Seeing bigger picture of supermarket forces

Elaine Hunt explains which factors are most influential in deciding where to buy groceries. Elaine Hunt is research director at The Human Factor

NOP asked 1,000 adults, representing a cross-section of the UK ‘s population, about shopping for groceries in the preceding month. Nearly nine out of ten of the sample – 861 people – claimed to have done at least some of the household shopping; and 61 per cent were the main shoppers in their household. Most people had used at least two different supermarkets or grocers during that period.

More than 25 supermarket chains had been used in the preceding month – nine of them by ten per cent or more shoppers. Tesco and Sainsbury’s both attracted more than four out of ten shoppers, nearly twice as many as their nearest rivals, Asda and Safeway. KwikSave came fifth in the league, followed by the Co-op, Marks & Spencer, the Somerfield/Gateway group and finally Morrisons.

When looking at the store people use for the bulk of their grocery shopping, however, the picture changes dramatically. This core business is spread between far fewer stores, only seven of which achieve five per cent or more of market share between them. The top seven attract 86 per cent of shoppers. Tesco continues to occupy the top spot in terms of stores visited, and the rank order among the top five stores is maintained.

When comparing main destinations with total shopping destinations, the gap in share widens significantly between the top five and other supermarkets. This represents the majority of purchase and in turn indicates sterling value share. The Co-op, Morrisons and Gateway are the only chains to attain more than a four per cent nomination as the main shopping destination.

Marks & Spencer’s role as a top-up or occasional luxury shop is demonstrated by its fall from 13 per cent of shoppers using it in the past month, to a mere one per cent using it as their main supermarket.

The type of customers attracted to each store shows some interesting differences that cannot be explained by geographical distribution alone. Of the top five, Sainsbury’s attracts the highest proportion of upmarket shoppers – those with higher disposable incomes. Just over half of Sainsbury’s and Safeway shoppers come from the ABC1 grade, compared with just under half of Asda and Tesco users. By contrast, KwikSave takes 80 per cent of its shoppers from the C2DE grades. Age profiles show far less diversity between stores, although Sainsbury’s and Tesco are attracting a higher proportion of under-25s than the others, which must augur well for the growth of their business. The Co-op and KwikSave have a stronger appeal to over-60s.

When shoppers were asked to rate a list of reasons for choosing a particular store, a remarkable consensus emerged. Three factors – a good range of fresh food, the absence of long queues and prices as low, or lower, than other places – were seen as either very or quite important by more than four-fifths of all shoppers.

Twelve per cent of the shoppers rated the range of fresh food as more important than either checkout speed or low prices. This indicates that the attraction of supermarkets rests as much in their role as the one-stop replacement of the green-grocer and butcher, as on their supply of manufactured brands.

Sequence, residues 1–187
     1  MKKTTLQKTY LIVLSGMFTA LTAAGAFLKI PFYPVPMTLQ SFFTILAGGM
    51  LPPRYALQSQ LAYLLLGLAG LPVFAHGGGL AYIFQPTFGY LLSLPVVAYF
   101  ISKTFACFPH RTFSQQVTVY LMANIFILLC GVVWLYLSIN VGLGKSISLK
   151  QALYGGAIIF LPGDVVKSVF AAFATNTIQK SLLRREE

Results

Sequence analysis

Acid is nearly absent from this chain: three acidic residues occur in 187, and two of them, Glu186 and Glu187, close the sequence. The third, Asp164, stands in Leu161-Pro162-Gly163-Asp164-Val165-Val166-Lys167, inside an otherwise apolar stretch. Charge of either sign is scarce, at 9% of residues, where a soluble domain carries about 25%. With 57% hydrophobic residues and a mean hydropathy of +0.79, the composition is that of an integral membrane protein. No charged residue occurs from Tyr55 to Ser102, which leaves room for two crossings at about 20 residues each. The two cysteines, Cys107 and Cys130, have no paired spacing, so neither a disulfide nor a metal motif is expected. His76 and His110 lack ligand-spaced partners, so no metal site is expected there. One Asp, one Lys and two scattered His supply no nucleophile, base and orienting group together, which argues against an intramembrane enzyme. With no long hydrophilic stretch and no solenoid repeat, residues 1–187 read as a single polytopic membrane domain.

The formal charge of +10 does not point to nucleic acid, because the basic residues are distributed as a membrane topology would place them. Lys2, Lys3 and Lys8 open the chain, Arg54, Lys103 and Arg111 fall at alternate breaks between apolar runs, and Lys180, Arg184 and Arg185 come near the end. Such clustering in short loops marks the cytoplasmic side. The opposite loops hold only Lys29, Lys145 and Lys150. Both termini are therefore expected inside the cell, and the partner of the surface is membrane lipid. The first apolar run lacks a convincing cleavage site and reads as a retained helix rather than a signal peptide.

Stores’ own-label products and “the supply of new and interesting products” form the second rank of motives for choosing a store, with roughly half of shoppers giving them some degree of importance, while the availability of packers and loyalty cards attract only about a third.

Own-label quality and availability is usually linked to low basket prices and the demographic profiles of shoppers who set a high priority on these factors is very similar. However, Sainsbury’s shoppers, less motivated by low prices, are most appreciative of own brand, and this may tie in with their high interest in new and unusual products.

The low overall figure of saver cards changes when looking in detail at the customers of participating stores. Nearly two-thirds of Tesco and half of Safeway shoppers are, to some extent, swayed by their participation in a saver-card scheme. The Sainsbury’s card, launched in the week before our research, is exerting some influence on a third of users.

When shoppers are asked to select the most important factor influencing their choice of store, the picture changes again. Fresh food and low prices were each chosen by a third of respondents and annoyance at queuing dwindles noticeably, although 14 per cent still place the ability to get in and out of the store quickly above all other attractions.

The range of fresh food does have slightly more influence than the lure of low prices, since 21 per cent of shoppers gave this as their second most important reason for choosing a shop, compared with the 16 per cent selecting low prices.

These two dimensions form a complementary polarity in the market: upmarket and over-60s shoppers are more likely to go for fresh food, the downmarket and the under-25s for low prices. However, the balance also shifts between the different franchises: more Sainsbury’s, Safeway and Tesco shoppers put fresh food at the top of the list, whereas for Asda and KwikSave, this is displaced by low prices.

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